How Can the Heat Affect My Equine?

Equines, like any other living creature, are susceptible to the effects of heat. Horses, donkeys, and mules are some of the most commonly kept equines around the world. These animals have evolved to thrive in temperate and cooler climates, making them especially vulnerable to heat stress when exposed to high temperatures. Read on for more information on how heat affects equines and how owners can protect their animals.

bay horse drinking water

Heat Stress

Heat stress is a condition that occurs when an animal's body is unable to regulate its core temperature in response to high temperatures. The equine body is designed to maintain a core temperature between 99-101°F, but when the outside temperature exceeds 95°F, it can be difficult for the body to regulate its temperature effectively. When this happens, the horse may experience a range of symptoms, including:

  • Rapid breathing
  • Excessive sweating
  • Elevated heart rate
  • Lethargy
  • Dehydration
  • Loss of appetite
  • Muscle tremors
  • Seizures
  • Collapse

If left untreated, heat stress can quickly progress to heat stroke, a life-threatening condition that can cause permanent damage to the organs or even death. There are particular factors that may influence how severe the heat stress is. 

Factors that Affect Heat Stress

Several factors can influence the severity of heat stress in equines, including:

  1. Age and Health: Young, elderly, and sick animals are more susceptible to heat stress.
  2. Coat Color: Dark-coated equines absorb more heat from the sun than light-colored ones, making them more prone to heat stress.
  3. Humidity: High humidity can reduce the effectiveness of sweating, making it more difficult for the horse to cool down.
  4. Exercise: Horses engaging in strenuous activities, such as racing or eventing, are more likely to suffer heat stress.
  5. Environment: Horses kept in poorly ventilated stables or in direct sunlight for extended periods are likelier to develop heat stress.

It is essential to see what factors make certain equines more prone to heat stress, so let’s take a closer look at how to prevent it.

Preventing Heat Stress

Preventing heat stress in equines is essential to their health and well-being. Owners should take the following steps to keep their horses cool and comfortable during hot weather:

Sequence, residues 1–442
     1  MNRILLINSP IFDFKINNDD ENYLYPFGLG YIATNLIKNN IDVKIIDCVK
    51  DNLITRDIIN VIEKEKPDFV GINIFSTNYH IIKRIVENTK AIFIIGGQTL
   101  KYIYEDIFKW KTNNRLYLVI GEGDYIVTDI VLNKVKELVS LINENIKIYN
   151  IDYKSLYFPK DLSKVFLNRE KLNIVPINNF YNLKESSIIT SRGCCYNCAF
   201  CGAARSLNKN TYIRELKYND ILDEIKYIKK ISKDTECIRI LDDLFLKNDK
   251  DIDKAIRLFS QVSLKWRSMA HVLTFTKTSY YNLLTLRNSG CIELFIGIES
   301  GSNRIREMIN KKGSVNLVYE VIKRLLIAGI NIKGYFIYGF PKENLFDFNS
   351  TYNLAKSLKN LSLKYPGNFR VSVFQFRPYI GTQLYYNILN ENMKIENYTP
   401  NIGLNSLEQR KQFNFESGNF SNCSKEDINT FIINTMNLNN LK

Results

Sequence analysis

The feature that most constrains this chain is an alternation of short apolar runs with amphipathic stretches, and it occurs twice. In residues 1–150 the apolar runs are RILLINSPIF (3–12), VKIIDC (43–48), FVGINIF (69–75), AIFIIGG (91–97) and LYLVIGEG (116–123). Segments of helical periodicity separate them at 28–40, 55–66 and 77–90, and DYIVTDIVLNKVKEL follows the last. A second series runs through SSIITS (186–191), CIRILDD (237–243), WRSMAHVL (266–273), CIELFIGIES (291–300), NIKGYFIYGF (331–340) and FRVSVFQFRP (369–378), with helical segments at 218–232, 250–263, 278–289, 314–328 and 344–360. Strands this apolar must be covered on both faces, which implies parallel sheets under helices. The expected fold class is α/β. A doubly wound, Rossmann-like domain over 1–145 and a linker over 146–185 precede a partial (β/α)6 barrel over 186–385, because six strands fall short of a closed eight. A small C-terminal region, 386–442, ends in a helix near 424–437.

1. Provide Adequate Water: Horses need access to clean, fresh water at all times. During hot weather, owners should regularly monitor their horses' water intake and refill their water buckets.
  2. Shade and Ventilation: Horses should have access to shade, such as trees or a stable, to protect them from the sun's direct rays. Stables should be well-ventilated to allow air to circulate and cool the environment.
  3. Adjust Feeding: Horses should be fed small, frequent meals during hot weather to prevent digestive problems. Owners should avoid feeding hay during the hottest parts of the day, as it can generate additional heat.
  4. Cool Baths: Horses can benefit from a cool bath or hose down during hot weather to lower their body temperature.
  5. Avoid Exercising During Peak Heat: Horses should not be exercised during the hottest parts of the day. Instead, owners should schedule workouts for early morning or late evening when temperatures are cooler.
  6. Monitor for Signs of Heat Stress: Owners should monitor their horses for signs of heat stress and take action immediately if they notice any symptoms. This includes moving the horse to a cooler location, providing cold water to drink, and contacting a veterinarian if the symptoms do not improve.
    dark bay horse being hosed off

Heat stress is a severe condition that can affect equines. Owners must take proactive steps to keep their animals cool and comfortable. Providing access to shade, fresh water, ventilation, adjusting feeding, and avoiding exercise during peak heat are all imperative measures to help prevent heat stress. Horses that are on less than 8 hours of good pasture a day, can benefit from adding Health E to their feed in order to help with reducing heat stress. Why? Vitamin E is a vasodilator, so it helps in reducing body temperature ---horses cool themselves primarily via their skin (they don't pant like a dog). 

health e
Equine Medical & Surgical Associates wants to aid you in getting your horse back to peak health! We have a list of products that you will find helpful to prevent equine health issues and make your horse well again. We want to hear from you! Tell us about your horse. Contact us by reaching out to Dr. Reilly, our veterinarian with 32 years of experience, who is dedicated to helping educate owners.